Whenever people form groups, it is typically to do something together that cannot be done alone. The group can be as small as a pair or as large as a nation. The purpose can be as jovial as a party or as serious as a rescue mission. In all cases, members of the group must coordinate their activities in a way that provides a shared good, which is the reason that they came together in the first place.
It is common for scientists who study cooperation to describe it as a puzzle before offering their particular piece towards its solution. By now, enough pieces have been put together to make a pretty satisfying picture. Even better, this picture can be used to evaluate and improve the performance of real-world groups. That is the mission of PROSOCIAL, a practical framework for improving the efficacy of groups that has been under development at the Evolution Institute for several years and is now available for use.
PROSOCIAL represents a fusion of scientific disciplines including evolutionary theory, economics and political science, and the applied behavioral sciences. We have boiled these down to a set of core design principles that are required for groups to accomplish shared goals – no matter what the specific goal might be. The scientific foundation for PROSOCIAL is described in a number of academic publications listed at the end of this article. In my own work, I have applied the core design principle approach to groups as diverse as schools, neighborhoods, churches, and businesses. PROSOCIAL enables any group to quickly learn about the core design principles, give itself a checkup, and formulate goals for improving its efficacy in the future.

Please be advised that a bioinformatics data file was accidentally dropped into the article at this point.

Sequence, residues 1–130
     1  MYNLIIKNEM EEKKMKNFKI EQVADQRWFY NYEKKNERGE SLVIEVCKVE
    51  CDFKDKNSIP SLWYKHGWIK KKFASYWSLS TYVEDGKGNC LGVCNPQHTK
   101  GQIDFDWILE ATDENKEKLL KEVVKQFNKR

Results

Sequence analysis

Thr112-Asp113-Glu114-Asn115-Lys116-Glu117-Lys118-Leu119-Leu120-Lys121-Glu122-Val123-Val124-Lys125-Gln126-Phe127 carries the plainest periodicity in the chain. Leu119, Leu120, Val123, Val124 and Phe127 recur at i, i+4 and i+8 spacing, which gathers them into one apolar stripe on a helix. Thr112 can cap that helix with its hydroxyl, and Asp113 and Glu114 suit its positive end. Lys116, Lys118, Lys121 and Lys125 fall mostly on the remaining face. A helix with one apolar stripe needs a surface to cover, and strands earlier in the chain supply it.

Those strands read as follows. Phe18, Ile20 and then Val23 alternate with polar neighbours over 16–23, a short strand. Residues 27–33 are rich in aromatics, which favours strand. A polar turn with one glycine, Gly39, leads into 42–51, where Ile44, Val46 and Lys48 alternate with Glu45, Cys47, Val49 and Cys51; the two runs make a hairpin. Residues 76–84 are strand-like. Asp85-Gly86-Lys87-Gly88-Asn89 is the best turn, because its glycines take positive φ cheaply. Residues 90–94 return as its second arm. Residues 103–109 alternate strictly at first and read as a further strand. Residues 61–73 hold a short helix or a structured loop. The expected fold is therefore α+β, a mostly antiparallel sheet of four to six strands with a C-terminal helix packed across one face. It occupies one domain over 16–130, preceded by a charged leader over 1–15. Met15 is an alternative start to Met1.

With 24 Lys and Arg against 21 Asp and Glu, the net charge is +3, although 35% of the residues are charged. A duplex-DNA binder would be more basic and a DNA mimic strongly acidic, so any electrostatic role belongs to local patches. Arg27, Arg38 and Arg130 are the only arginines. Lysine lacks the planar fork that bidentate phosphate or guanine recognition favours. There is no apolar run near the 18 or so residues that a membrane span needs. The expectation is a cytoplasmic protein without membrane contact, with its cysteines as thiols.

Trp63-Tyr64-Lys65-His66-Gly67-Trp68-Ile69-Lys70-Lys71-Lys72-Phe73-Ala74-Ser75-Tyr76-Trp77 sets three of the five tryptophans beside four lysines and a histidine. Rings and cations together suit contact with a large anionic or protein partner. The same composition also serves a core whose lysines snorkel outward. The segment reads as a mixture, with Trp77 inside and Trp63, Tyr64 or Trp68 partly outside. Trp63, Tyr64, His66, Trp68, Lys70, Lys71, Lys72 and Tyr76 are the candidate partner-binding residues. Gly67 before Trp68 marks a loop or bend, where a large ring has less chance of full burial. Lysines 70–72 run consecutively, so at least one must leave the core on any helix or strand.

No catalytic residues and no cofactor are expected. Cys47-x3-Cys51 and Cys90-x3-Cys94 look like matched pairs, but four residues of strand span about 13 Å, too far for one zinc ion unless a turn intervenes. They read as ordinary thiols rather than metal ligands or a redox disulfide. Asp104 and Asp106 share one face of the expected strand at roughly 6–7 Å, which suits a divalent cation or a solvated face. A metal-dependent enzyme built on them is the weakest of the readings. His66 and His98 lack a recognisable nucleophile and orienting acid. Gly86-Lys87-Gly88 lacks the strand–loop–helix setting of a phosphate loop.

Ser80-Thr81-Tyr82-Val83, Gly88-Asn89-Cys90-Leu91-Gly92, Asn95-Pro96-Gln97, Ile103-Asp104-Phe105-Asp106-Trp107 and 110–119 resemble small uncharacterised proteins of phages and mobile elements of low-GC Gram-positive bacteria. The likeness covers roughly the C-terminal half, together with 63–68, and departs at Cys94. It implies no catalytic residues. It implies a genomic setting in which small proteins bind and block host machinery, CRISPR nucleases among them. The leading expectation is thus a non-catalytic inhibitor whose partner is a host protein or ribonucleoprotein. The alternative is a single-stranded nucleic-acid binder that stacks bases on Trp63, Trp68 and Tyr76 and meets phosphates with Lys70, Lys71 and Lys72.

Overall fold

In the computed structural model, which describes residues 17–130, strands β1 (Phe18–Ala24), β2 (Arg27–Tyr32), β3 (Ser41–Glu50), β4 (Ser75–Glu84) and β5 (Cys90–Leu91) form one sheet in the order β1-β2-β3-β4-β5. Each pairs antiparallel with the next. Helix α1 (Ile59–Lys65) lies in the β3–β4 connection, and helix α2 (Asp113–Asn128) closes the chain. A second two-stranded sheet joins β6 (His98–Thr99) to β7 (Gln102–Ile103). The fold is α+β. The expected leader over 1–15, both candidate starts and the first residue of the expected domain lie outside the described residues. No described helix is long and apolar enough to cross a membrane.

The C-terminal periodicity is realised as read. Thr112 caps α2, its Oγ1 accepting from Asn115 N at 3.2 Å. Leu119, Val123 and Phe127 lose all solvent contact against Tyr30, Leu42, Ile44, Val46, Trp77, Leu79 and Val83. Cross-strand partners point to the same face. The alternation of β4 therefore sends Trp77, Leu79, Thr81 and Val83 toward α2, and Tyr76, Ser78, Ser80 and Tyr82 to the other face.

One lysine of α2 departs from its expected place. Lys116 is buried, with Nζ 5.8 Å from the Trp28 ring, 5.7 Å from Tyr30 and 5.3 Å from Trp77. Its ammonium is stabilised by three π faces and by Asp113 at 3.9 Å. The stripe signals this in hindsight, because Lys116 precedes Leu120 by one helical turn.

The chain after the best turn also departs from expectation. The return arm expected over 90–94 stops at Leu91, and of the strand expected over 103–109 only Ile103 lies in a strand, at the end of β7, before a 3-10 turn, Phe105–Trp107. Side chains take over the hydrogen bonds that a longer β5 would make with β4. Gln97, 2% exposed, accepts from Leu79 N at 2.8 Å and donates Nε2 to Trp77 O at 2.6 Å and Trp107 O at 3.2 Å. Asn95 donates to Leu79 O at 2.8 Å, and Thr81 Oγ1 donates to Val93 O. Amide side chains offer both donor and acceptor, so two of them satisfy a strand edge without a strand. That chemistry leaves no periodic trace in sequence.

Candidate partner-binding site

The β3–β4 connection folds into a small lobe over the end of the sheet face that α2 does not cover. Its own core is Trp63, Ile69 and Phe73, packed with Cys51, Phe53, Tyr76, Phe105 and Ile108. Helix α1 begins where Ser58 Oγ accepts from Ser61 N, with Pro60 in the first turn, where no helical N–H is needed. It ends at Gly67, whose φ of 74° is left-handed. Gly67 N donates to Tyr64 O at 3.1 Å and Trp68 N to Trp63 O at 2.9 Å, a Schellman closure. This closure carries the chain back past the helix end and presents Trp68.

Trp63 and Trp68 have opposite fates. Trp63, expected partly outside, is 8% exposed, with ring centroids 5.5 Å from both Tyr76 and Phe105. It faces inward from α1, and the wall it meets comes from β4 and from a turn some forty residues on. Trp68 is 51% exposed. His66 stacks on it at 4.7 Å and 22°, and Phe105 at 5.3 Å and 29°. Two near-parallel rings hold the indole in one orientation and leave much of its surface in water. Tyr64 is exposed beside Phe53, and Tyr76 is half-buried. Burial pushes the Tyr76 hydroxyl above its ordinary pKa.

The first design principle required for any group to function well is a strong sense of identity and purpose. PROSOCIAL begins with an exercise that helps group members reflect upon their specific purpose and the underlying values that make it worthwhile to come together as a group. Group members also reflect upon the factors that interfere with achieving shared goals, which can be either internal (e.g., conflicts of interest among group members) or external (e.g., difficulties working with other groups or being allowed to manage one’s own affairs). The exercise is based upon techniques with proven effectiveness at helping individuals increase their psychological flexibility and move toward valued goals. In a group setting, the exercise can go a long way toward creating a strong sense of identity and purpose in a single session.
The other design principles concern matters such as an equitable distribution of costs and benefits, fair and efficient decision making, monitoring and responding to lapses in agreed-upon behaviors, fast and fair conflict resolution, the authority of the group to manage its own affairs, and appropriate relationships with other groups. These design principles are easy to understand and are spontaneously implemented by some groups without requiring coaching, but they are sadly lacking in other groups. Moreover, the design principles are a bit like the organs of your body: All of them are needed and removing any one will result in death (or a severely compromised group). Hence, nearly any group can benefit from a review and “checkup” to see how well the core design principles are being implemented. PROSOCIAL accomplishes this in a single session along with an opportunity to identify auxiliary design principles that are important to achieve particular goals – in addition to the core design principles that are needed to achieve almost any shared goal.